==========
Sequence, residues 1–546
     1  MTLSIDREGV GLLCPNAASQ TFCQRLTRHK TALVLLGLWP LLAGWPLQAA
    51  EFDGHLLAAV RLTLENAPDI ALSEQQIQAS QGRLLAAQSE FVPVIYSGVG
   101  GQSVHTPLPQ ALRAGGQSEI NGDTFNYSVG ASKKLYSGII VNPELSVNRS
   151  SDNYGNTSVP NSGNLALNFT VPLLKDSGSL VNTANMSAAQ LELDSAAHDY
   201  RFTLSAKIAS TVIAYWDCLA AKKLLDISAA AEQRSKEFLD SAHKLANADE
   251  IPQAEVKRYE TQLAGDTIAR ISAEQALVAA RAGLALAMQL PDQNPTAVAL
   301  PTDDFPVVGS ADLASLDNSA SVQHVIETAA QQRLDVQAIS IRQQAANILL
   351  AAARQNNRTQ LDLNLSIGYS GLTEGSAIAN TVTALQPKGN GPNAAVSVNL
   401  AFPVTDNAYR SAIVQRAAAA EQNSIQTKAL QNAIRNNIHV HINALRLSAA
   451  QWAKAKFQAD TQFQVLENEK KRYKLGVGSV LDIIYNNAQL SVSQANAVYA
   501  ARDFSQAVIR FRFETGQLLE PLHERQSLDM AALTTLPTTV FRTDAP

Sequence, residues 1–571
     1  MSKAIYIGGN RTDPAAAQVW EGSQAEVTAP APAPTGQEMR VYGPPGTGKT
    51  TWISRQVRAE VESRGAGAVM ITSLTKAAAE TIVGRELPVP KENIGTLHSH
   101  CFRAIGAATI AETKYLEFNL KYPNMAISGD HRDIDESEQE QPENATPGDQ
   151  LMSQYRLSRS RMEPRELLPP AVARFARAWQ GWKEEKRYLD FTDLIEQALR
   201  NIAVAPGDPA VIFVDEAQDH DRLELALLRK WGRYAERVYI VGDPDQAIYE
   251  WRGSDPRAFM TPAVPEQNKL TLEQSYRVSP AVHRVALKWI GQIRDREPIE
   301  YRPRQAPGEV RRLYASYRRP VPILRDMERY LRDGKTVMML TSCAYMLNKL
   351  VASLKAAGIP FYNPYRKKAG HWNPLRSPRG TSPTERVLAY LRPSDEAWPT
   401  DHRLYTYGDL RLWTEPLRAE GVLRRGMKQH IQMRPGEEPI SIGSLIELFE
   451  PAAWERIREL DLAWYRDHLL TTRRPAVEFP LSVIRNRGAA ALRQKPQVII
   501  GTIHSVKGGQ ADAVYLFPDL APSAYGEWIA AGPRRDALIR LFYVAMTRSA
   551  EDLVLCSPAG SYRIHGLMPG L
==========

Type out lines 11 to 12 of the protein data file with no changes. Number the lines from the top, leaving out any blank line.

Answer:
   451  QWAKAKFQAD TQFQVLENEK KRYKLGVGSV LDIIYNNAQL SVSQANAVYA
   501  ARDFSQAVIR FRFETGQLLE PLHERQSLDM AALTTLPTTV FRTDAP